“Und a schmott guy,” Jorgi agreed. “… Hyu make sveets or just bread? Hy vants to get sometink for Agatha, but all Hy know is she likes apple und ginger togedder.”

“You really are gone on her-- I’d wondered. … Sorry,” he added, and Jorgi nodded acceptance-- because while that was the same kind of ‘come stare at the Jäger’ that the arm-wrestling was going to be, it was good (or at least better) that Evgeny recognized it was wrong-footed. “I can do you a spice cake with apple in it, and add extra ginger.”

This descended into a conversation that started at what spice blends Evgeny could put in Agatha’s cake, then wandered to what Jorgi would put in a bug pie (with a fully-stocked kitchen instead of on the march), followed by the finer points of stretching your meat (or bug) supplies with mushrooms and which of the local mushrooms were safe to eat, which were poisonous, and which would lay you out flat watching things that weren’t actually there. (Jägerkin could eat almost anything, but there was a difference between ‘could eat’ and ‘would enjoy eating.’) By the time they got to Jorgi trying to explain how grasshoppers tasted-- “Meaty coriander, but Hy dunno if dey taste dot vay to regular pipple--” with the intent to debate seasonings and how to cook them-- “I’m not saying everything cooked in butter is delicious, but it’s more delicious than the same thing not cooked in butter--” their fellow drinkers had finally worked out their five champions.

Jorgi beat them, easily, and only dented the table once. Then he bought a round for the house to ensure no hard feelings, for all he said it was because he’d never seen such an organized contest happen so fast.

It wasn’t until he finally tried to sleep that it got hard to stop thinking about his visit with the Clays.

Punch and Judy were alive, Master Bill probably wasn’t, Master Barry could go either way, Lady Lucrezia was a damned nightmare and, if the world were just, was dead with her machines shattered, and Agatha, the sweet, brave, quietly determined girl who would hopefully still sympathize with Jägerkin so much after she saw a good fight, who signed her letters with a simple yours that made his heart hammer the first time he’d realized its implications, was Master Bill’s heir and was, or would be, the Heterodyne.

And Jorgi was falling in love with her.

He had no idea if that was a thing Jägerkin were allowed to do, much less act on, or if it had ever happened before. But Agatha had made it pretty clear that she meant to go on as they had been (or as they had been wanting to, if not for distance), and he certainly wasn’t going to take himself away from her. It would be cruel to Agatha, for one thing. For another, while it might be iffy now, eventually Agatha would be recognized as the Heterodyne and Mechanicsburg and all the Jägerkin would recognize her legal right to do whatever she wanted.

… But that, he realized, hadn’t come up during the whole ‘you are Agatha Heterodyne, and your mother was the worst creature to crawl out of the depths of hell wearing a pretty shape’ conversation-- that being a Heterodyne meant more than inheriting a title and command of the Jägerkin, it meant Mechanicsburg was hers.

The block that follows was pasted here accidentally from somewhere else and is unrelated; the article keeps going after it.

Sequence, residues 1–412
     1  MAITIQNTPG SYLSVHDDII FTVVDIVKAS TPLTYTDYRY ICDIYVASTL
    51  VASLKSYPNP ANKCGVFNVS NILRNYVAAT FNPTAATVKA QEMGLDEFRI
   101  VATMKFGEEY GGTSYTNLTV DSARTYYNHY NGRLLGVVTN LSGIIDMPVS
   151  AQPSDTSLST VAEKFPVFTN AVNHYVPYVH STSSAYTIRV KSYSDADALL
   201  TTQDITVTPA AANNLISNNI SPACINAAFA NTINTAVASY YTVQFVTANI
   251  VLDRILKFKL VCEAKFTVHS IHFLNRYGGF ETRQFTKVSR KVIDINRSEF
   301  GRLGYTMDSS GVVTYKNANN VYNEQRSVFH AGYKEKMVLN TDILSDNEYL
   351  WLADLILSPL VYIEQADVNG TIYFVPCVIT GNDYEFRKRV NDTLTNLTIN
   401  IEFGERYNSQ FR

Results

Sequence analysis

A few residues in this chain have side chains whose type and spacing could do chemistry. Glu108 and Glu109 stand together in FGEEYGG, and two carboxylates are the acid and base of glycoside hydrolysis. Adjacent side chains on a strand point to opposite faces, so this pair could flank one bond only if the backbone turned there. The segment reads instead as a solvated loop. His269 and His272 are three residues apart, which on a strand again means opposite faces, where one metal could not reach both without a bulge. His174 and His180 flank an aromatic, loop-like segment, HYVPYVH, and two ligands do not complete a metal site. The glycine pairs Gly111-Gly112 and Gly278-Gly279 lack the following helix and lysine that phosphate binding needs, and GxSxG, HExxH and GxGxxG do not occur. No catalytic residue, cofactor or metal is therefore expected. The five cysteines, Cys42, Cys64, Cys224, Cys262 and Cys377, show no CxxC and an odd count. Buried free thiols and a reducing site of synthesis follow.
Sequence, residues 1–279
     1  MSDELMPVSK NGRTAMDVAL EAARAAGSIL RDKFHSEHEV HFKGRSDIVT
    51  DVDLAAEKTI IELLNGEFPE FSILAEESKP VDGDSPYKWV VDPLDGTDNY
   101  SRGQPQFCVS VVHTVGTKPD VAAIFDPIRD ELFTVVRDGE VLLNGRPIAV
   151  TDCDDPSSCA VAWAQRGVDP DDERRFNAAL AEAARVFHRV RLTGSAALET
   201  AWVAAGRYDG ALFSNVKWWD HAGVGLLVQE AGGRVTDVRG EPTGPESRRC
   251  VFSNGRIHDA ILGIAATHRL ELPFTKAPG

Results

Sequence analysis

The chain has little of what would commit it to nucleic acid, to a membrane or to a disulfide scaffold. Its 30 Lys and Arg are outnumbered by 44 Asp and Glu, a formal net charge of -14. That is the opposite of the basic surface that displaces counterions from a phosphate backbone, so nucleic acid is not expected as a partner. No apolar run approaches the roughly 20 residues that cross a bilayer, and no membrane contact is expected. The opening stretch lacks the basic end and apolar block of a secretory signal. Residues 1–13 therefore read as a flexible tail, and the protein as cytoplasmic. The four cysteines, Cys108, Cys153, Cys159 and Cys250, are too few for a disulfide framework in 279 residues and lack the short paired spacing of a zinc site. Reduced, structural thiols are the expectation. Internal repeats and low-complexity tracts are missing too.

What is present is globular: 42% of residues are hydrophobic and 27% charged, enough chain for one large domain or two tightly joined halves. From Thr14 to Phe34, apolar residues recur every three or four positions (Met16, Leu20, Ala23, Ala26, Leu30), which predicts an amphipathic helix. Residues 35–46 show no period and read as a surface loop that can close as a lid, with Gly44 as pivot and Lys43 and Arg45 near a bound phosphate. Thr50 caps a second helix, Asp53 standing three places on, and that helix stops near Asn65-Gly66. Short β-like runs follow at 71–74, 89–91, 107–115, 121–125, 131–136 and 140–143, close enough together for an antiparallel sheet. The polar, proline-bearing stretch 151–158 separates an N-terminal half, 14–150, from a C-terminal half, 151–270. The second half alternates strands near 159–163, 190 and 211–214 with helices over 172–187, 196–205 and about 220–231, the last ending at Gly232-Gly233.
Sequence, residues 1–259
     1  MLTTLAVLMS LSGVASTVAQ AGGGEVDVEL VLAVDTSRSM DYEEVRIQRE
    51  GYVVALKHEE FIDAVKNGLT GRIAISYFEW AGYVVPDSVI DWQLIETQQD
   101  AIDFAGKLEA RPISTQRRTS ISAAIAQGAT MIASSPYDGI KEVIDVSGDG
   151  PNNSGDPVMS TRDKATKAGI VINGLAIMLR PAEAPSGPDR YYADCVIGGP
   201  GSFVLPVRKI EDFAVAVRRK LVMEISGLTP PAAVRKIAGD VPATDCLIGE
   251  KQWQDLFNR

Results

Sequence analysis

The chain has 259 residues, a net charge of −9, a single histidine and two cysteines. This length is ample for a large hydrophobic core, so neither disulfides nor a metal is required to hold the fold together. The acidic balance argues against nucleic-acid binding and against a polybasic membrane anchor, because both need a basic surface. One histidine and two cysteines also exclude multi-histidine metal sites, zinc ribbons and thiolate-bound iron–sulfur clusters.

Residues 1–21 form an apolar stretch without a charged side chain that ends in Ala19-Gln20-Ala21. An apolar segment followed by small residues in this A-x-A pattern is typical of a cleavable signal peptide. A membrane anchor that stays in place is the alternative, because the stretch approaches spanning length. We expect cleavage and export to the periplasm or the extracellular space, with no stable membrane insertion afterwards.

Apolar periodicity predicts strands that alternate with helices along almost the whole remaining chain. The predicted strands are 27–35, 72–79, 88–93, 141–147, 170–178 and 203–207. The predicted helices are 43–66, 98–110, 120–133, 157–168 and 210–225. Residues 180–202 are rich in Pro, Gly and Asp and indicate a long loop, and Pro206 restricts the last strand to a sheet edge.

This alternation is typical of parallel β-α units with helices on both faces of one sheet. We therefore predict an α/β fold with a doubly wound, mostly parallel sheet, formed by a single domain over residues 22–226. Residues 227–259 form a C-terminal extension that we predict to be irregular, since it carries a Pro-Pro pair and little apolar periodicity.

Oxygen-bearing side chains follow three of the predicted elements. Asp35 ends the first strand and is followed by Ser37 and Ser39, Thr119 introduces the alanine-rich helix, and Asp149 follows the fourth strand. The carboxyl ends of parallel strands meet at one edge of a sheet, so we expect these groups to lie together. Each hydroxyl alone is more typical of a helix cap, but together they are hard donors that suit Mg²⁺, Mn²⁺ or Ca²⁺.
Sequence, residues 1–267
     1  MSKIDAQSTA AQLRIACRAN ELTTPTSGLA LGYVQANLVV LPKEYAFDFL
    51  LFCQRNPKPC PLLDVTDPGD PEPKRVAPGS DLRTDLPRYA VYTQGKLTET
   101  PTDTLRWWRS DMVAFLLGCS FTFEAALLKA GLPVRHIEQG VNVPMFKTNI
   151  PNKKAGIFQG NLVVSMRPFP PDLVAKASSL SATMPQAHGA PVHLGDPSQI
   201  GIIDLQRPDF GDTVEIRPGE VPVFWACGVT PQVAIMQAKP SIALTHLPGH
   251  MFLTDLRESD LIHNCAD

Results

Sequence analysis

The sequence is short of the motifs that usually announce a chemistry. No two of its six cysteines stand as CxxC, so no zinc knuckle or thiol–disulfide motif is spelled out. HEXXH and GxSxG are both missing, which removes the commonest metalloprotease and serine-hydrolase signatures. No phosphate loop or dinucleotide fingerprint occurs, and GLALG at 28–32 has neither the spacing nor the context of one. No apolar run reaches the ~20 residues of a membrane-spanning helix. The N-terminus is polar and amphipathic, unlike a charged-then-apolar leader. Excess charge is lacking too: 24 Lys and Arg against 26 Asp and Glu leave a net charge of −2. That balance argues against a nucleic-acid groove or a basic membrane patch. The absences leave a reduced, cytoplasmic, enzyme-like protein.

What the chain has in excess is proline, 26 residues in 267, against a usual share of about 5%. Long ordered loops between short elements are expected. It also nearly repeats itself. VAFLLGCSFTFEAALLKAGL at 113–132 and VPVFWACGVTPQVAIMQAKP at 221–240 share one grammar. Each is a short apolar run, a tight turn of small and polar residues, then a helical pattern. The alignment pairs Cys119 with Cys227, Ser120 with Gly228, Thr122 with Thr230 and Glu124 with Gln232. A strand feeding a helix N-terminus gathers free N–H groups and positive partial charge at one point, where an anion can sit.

He’d tell her in the morning, he decided, if her parents hadn’t already told her, or had only told her part of it. Jorgi fell asleep working out what to say.

He took an early-morning run looping idly through the woods around town-- town manners were easier to maintain if he made some time to stop using them. A simple run wasn’t perfect, but it helped, and town manners also meant it was smart to check if there were local rules about hunting things, when or what or where. By the time he was cleaned up, fed, and had checked in with Evgeny at the bakery (cake tomorrow, which should be fine), it was half past ten, a reasonable hour to go knock on someone’s door for a social visit.

Judy answered. “You might as well come see this,” she said, instead of ‘hello’ or ‘go away,’ and led Jorgi through the house and into the forge.

Agatha was seated in an out-of-the-way corner, at a workbench, dreamily connecting a pile of brass rods into something Jorgi couldn’t quite figure out, more ‘decent’ than ‘dressed’ (she had a robe on, but no slippers), and she was--

“Heterodyning,” Jorgi breathed, moving closer just to hear it better. Well, she was building something out of metal, so she wasn’t likely to want to break Jorgi down for parts. It was probably safe to get closer. And it had been decades since he’d heard that inimitable family hum. He wasn’t sure anymore if it had always felt like it was cutting right to the heart of him, if it was nostalgia and homesickness, or if it was… well, just Agatha. Heterodyning.

“In her sleep,” Judy said.

“She’s a Spark,” Jorgi almost-asked. “She said she vasn’t, in her letters.”

“Her locket suppressed it,” Judy admitted. “Master Barry made it for her when she was five, and started breaking through.”

“… Five!”

“And it… was responsible for her headaches.”

“Und hyu let her keep vearing it?”

“Yes,” Judy hissed, hard to hear under the Heterodyning and the clanging of Punch’s hammer. (The big door to the forge was closed, Jorgi noticed, finally, but Punch was still making a load of noise anyway.) “We couldn’t have hidden her-- protected her-- otherwise. I’m still not pleased she won’t put it back on.”

“But-- vhy hide it?”

“What happens to girls with the Spark?” Judy countered.

“… Hyu mean on Kestle Vulfenbach or just generally?”

“Both, if you know.”

“De Baron gives dem a lab und tells dem to make tings, mostly. Vateffer dey vants to make. Off Kestle Vulfenbach… Hy dunno. Ve gets reports of dem, but by de time ennybody gets dere, de gurl is usually gone. Ve dunno vhy or vhere.” The Baron hated it, actually. He couldn’t figure out if it was something in the makeup of female Sparks that made them run off, or if some very fast-moving and well-informed opponent was collecting them.